Flipping, or mirroring, a site from LTR to RTL site can be tricky. Text should be aligned on the right for RTL language sites, but interface and layout elements don’t always need to change. Carefully evaluate your use of forms, pop-ups, and floated elements, too, as their position and flow might need to change.
Preserve some LTR elements
Keeping some LTR items can enhance usability and boost engagement. You’ll want to maintain certain numeric features, including dates and time, for example. Brand and product names can also typically remain unchanged, as can symbols such as keyboard or camera icons.
Manage multilingual stores
Give thought to whether it makes sense for you to build a dedicated RTL storefront, or a single site with both RTL and LTR capabilities. If you’re building a multilingual site, invest in design and back-end capabilities to dynamically change elements while still providing a consistent user experience.
Beware of themes
Some themes promise to deliver instant RTL support, but the more complex your implementation, the less likely it is that a simple theme or plugin will deliver the support you need. Check your site carefully to ensure that complex features — such as headers or CSS elements — are being presented correctly.
Remember, visiting an ecommerce website is all about first impressions. Awkwardly placed items or misaligned text can end the relationship before it gets off the ground. That’s where platforms with native, out-of-the-box RTL capabilities offer an important advantage. Such platforms help brands create intuitive and customer-focused design in less time, and break into new markets faster.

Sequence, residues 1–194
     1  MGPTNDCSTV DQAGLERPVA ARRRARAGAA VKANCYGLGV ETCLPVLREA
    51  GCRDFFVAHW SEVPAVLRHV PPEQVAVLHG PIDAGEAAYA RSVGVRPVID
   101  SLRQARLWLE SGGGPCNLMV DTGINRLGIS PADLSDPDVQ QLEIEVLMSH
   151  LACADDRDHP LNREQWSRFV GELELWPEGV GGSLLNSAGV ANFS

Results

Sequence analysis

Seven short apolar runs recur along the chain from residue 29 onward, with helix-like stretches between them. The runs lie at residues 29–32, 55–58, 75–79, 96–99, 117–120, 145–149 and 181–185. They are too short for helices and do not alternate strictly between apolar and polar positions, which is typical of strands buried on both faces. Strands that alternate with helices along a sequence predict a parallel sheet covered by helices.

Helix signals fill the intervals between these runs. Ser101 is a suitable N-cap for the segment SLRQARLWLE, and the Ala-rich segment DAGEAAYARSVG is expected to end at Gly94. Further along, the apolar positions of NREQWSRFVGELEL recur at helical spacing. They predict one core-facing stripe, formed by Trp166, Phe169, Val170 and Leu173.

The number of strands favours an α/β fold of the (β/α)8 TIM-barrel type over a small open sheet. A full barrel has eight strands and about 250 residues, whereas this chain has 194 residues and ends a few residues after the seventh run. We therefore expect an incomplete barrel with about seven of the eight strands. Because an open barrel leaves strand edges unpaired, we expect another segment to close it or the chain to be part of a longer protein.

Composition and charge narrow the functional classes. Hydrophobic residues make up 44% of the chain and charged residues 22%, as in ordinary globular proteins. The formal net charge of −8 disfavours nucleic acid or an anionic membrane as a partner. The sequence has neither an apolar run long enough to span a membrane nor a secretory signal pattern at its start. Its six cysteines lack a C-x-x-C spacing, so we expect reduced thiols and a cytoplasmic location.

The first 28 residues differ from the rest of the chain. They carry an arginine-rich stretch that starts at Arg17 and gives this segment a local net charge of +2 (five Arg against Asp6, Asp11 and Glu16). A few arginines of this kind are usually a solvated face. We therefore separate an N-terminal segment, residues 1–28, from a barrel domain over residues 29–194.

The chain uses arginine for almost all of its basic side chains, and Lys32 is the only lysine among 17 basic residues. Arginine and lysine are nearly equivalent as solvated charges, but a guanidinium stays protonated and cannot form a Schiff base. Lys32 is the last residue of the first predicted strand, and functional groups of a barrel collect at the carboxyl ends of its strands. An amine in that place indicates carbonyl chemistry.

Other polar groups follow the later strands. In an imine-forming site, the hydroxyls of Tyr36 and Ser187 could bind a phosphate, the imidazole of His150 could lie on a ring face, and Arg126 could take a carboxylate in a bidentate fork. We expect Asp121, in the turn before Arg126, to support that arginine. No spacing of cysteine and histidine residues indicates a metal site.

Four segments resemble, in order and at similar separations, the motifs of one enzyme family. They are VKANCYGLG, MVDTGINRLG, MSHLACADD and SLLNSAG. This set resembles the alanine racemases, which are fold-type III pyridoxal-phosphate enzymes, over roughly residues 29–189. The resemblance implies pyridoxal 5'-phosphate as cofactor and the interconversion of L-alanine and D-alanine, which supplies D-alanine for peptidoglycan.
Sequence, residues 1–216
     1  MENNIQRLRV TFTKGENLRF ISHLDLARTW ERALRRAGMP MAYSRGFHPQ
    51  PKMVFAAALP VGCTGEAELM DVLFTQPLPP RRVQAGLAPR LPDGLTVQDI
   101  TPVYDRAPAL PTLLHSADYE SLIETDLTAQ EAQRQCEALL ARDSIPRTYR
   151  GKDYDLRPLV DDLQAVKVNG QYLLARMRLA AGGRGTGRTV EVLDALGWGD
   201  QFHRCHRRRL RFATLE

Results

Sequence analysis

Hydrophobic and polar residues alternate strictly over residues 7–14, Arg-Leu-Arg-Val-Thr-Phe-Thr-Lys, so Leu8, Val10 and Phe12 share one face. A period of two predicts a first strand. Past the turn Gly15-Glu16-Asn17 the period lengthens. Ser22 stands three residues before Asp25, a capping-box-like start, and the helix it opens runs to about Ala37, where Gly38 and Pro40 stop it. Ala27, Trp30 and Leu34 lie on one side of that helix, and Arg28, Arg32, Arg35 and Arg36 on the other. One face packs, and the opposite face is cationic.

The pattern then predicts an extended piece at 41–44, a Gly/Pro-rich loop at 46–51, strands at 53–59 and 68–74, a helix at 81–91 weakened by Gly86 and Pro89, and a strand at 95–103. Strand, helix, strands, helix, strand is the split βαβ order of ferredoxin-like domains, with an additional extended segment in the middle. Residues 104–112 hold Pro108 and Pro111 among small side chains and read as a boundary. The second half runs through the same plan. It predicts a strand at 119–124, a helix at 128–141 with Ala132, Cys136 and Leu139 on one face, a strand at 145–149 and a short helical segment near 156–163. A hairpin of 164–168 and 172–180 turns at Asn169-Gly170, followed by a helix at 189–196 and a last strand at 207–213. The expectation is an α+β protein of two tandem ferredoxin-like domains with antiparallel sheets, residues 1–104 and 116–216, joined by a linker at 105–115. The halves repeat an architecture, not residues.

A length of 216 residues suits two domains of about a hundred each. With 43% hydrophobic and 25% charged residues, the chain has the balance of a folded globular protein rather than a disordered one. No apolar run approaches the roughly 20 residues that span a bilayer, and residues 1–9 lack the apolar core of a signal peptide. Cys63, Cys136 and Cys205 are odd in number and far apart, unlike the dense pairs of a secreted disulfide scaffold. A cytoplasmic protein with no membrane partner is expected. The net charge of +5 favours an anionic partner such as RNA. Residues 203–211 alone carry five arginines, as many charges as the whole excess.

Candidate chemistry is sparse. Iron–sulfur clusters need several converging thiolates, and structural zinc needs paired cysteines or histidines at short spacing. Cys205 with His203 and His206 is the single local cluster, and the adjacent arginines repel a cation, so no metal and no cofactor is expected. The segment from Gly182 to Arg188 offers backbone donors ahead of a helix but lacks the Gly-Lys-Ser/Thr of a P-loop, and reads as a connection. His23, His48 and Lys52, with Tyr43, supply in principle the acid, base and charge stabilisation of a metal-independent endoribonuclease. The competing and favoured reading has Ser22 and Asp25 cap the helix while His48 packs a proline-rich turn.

Look beyond RTL
Of course, breaking into new markets isn’t just about making your text flow in the right direction. One of the biggest mistakes that ecommerce brands make, in fact, is assuming that just because they’ve implemented RTL features, they’ve done all they need to in order to win over a given geography’s consumers.
The reality is that there is incredible diversity across the various regions that speak RTL languages, and companies need to invest in tailoring everything from product information, to marketing campaigns, to pricing, to product line-up in order to truly serve the new markets they’re entering. It’s easy to see that a product image featuring a woman in a bikini might work well in Paris or London, but much less well in Riyadh or Dubai, for instance – so make sure your platform lets you serve up appropriate experiences for all your customers.
Pay attention to the nuances of the markets you’re entering, too. Regions with less-established ecommerce sectors might not yet have robust same-day delivery infrastructure, for instance, while consumers might use mobile devices rather than laptop or desktop computers. The key is to remember that consumers in such regions are typically just as demanding and sophisticated as consumers elsewhere, so make sure you tailor your offerings appropriately.
For truly global ecommerce brands, getting RTL design right is really just a starting point. The brands that succeed go further, and use every tool at their disposal to craft rich, culturally appropriate, and market-specific experiences for their customers — while also using smart technologies to drive efficient back-end operations across their entire network.
Yoav Kutner is the CEO and co-founder of Oro, Inc, the creator of open-source ecommerce platform OroCommerce. Yoav previously co-founded and served as the CTO of Magento.